On Feb. 19, Meta Platforms Inc. chief executive Mark Zuckerberg, apparently seizing any opportunity to prop up wilting digital advertisement revenue, announced the company would soon launch a paid verification service in Australia and New Zealand, before rolling it out to the rest of the world.
At a cost of between US$11.99 and US$14.99 a month, Meta Verified subscribers will get a “service that lets you verify your account with a government ID, get a blue badge, get extra impersonalization protection against accounts claiming to be you, and direct access to customer support.” It mirrors the absurd announcement from Twitter Inc. a few days prior that only Twitter Blue subscribers — at a cost of US$8 a month — can use two-factor authentication via text message.
So much for tech’s democratization through social media.
Back in tech’s nascent days, a wave of startups promised democratization of all kinds, including equal opportunity and access to digital megaphones that would mobilize mass movements in diverse new ways. These outcomes were generally achieved, as was a sharing economy where people could leverage latent assets — so long as they aren’t passwords. Of course, these changes brought all of the various global online harms that policy people now seek to rein in with state or country-based tools, with varying degrees of success.
Amid the promise of democratization, new economies of influence emerged on social media, mirroring the winner-take-all system of the brick and mortar world. On social media platforms, participants with large audiences exploit followers via paid promotions, often earning advertising-based compensation from the platforms they perform on. What felt and looked new was really just the next iteration of advertising, dressed up with pithy and virtuous mission statements.
Now, prominent tech CEOs appear to be out of good money-making business ideas, and they’re schilling basic security features as premium add-ons to their services. But paying for basic cybersecurity is like paying extra for a seatbelt in your car — it should be standard, not a bonus. Why not charge more for brakes or a speedometer? Some car companies are already charging recurring fees for features like heated seats, which used to be paid for once during a vehicle’s initial purchase.
But what’s worse: that these charges exist, or that some people pay for them? It might be more alarming to know that consumers are willing to shell out for exploitative fees than it is that companies charge them in the first place. Charging for verification exploits people’s vanity and desire for “reach,” providing them with a sort of Nexus pass that allows content to pollute the feeds of more people than would otherwise seek it out, in exchange for the dopamine hit of — what exactly? Seeing the view count on tweets increase?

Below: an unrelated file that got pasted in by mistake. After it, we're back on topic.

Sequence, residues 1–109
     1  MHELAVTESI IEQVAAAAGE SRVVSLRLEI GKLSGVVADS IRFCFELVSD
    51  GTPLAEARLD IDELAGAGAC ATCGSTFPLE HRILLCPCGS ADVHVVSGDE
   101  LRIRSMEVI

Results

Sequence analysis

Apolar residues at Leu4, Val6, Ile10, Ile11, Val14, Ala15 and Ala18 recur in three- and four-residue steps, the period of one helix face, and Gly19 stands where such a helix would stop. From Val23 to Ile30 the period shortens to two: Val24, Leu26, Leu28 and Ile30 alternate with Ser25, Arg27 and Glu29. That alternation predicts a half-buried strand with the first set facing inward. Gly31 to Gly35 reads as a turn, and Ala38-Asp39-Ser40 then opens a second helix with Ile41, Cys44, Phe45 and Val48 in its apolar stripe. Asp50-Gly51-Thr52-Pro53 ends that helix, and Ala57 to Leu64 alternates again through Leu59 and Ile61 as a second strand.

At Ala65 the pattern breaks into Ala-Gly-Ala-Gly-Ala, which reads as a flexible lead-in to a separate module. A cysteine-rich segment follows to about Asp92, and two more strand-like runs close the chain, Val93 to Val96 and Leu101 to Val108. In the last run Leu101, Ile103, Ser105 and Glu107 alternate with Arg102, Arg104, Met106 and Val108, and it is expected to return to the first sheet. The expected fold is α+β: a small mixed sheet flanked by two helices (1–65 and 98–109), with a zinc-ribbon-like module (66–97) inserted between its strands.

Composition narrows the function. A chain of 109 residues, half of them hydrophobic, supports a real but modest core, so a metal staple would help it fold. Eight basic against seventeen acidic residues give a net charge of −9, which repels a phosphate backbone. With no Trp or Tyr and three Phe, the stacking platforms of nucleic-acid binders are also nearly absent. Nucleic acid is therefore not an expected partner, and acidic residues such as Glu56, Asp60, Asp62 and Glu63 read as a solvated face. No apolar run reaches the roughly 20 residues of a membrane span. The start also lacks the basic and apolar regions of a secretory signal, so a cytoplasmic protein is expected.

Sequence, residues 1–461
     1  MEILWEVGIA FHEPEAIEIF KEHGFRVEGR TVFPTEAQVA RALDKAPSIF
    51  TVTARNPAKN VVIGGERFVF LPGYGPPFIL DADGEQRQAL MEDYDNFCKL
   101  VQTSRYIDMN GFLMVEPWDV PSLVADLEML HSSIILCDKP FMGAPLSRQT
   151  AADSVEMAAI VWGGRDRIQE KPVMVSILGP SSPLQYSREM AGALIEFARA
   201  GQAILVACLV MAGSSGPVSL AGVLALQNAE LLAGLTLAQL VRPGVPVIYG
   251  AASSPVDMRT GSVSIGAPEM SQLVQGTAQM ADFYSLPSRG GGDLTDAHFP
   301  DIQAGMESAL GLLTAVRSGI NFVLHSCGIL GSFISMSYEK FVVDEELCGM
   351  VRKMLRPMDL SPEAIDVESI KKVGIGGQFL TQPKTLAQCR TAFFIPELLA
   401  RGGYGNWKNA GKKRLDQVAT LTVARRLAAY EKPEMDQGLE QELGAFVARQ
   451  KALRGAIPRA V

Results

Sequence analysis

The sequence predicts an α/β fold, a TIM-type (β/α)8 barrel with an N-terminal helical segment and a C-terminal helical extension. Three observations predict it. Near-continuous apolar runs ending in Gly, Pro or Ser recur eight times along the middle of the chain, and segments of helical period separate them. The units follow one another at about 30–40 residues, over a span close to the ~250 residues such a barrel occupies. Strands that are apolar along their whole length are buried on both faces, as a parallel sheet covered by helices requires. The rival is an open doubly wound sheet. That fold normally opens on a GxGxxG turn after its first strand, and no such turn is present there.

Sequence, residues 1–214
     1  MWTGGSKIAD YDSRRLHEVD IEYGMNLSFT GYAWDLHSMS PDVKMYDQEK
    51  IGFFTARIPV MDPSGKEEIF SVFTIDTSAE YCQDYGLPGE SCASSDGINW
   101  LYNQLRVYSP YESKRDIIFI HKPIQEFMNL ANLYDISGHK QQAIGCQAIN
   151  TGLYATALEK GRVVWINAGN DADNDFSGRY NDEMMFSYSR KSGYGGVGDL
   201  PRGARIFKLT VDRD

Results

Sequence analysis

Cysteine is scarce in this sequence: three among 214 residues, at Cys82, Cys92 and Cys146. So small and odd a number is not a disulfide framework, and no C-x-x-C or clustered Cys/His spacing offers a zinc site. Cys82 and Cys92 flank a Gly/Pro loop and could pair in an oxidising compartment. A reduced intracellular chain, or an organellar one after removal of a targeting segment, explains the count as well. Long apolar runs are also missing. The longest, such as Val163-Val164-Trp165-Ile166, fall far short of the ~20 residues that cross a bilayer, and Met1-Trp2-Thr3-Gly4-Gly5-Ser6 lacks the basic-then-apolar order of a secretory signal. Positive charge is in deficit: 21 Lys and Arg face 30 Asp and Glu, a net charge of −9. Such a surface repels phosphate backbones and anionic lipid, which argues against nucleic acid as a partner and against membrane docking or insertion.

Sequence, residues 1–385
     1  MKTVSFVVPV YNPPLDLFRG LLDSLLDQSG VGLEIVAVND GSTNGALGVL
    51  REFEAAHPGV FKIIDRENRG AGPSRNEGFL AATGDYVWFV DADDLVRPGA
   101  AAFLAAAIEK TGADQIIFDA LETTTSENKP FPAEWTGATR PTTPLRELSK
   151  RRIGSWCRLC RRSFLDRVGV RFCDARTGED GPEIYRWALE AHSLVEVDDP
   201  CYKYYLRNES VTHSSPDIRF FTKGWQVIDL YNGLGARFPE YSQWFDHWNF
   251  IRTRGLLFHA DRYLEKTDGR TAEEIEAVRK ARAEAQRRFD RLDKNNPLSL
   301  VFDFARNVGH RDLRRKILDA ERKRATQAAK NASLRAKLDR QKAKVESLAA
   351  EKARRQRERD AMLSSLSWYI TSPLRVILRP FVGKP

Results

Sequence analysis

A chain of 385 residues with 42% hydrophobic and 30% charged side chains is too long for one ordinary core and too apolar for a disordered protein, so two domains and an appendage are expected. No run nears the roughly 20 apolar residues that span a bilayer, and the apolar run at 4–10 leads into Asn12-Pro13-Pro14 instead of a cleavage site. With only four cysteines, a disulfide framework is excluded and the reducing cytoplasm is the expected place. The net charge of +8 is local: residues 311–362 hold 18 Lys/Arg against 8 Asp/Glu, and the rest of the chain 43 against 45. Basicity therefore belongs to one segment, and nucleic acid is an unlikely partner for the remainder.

Reconciling this absurd reality leads to the question: What is it that got us to a place where product announcements are now so desperate they appear to mimic articles on satire website The Onion?
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The answer is two-fold. One, the idea that robust monetization models could come after companies built a substantive user base allowed too many to actively defer confronting whether they were creating a solution to a real need, or were just exploiting access to their user base in exchange for aspirational advertising. Two, a lot of tech-space bets have been made in explicit pursuit of monopoly power, which has acted to discount the value of competition and caught some companies — most recently Netflix Inc. — with their competitive pants down. For example, rather than innovating, Netflix is cracking down on password sharing in an attempt to better distribute its shrinking subscriber base.
The digital economy generally relies heavily on advertising. Consumers have fed the monster by accepting that in exchange for use, social media platforms have the right to feed their algorithms with people’s original content, keystrokes and scrolling — all for free. There’s been some backlash against that bargain more recently, with governments pursuing new policy interventions to better balance privacy and autonomy. In practice, however, consumers continue to scroll and post on the platforms regulators struggle to tame.
These outrageous fees from Twitter and Meta give people an opportunity to mobilize against Big Tech in a way they haven’t before, even on the very platforms trying to trick users into paying money because they don’t know how else to make it. Users of Meta’s platforms or Twitter’s pseudo-town square should resist emerging solicitations for extra fees. No one should be extorted to pay for basic online safety as a feature. It’s like paying Canada’s Wonderland to put down the safety bar on a roller-coaster ride.
People willing to pay for Twitter’s blue check of verification have already become the butt of jokes over their online egoism. Continuing down this path means letting these platforms, which promised equal access and opportunity to users, to bifurcate people into two groups doomed to scorn each other: those silly enough to pay for identity verification and greater reach of posts, and those who reluctantly continue to engage with a system undeserving of their attention and data. Perhaps this is really more of a collective action problem, where the appetite to withstand manipulation is sated by a penchant for the elusive grail of digital reach.
Instead, product managers, CEOs, and demanding shareholders should be embarrassed by their lack of ingenuity and lazy reliance on unsustainable business models encouraged by too many of their funders. Let’s send them back to their whiteboards.
Vass Bednar is an adjunct professor of political science at McMaster University and executive director of the school’s Master of Public Policy in Digital Society program.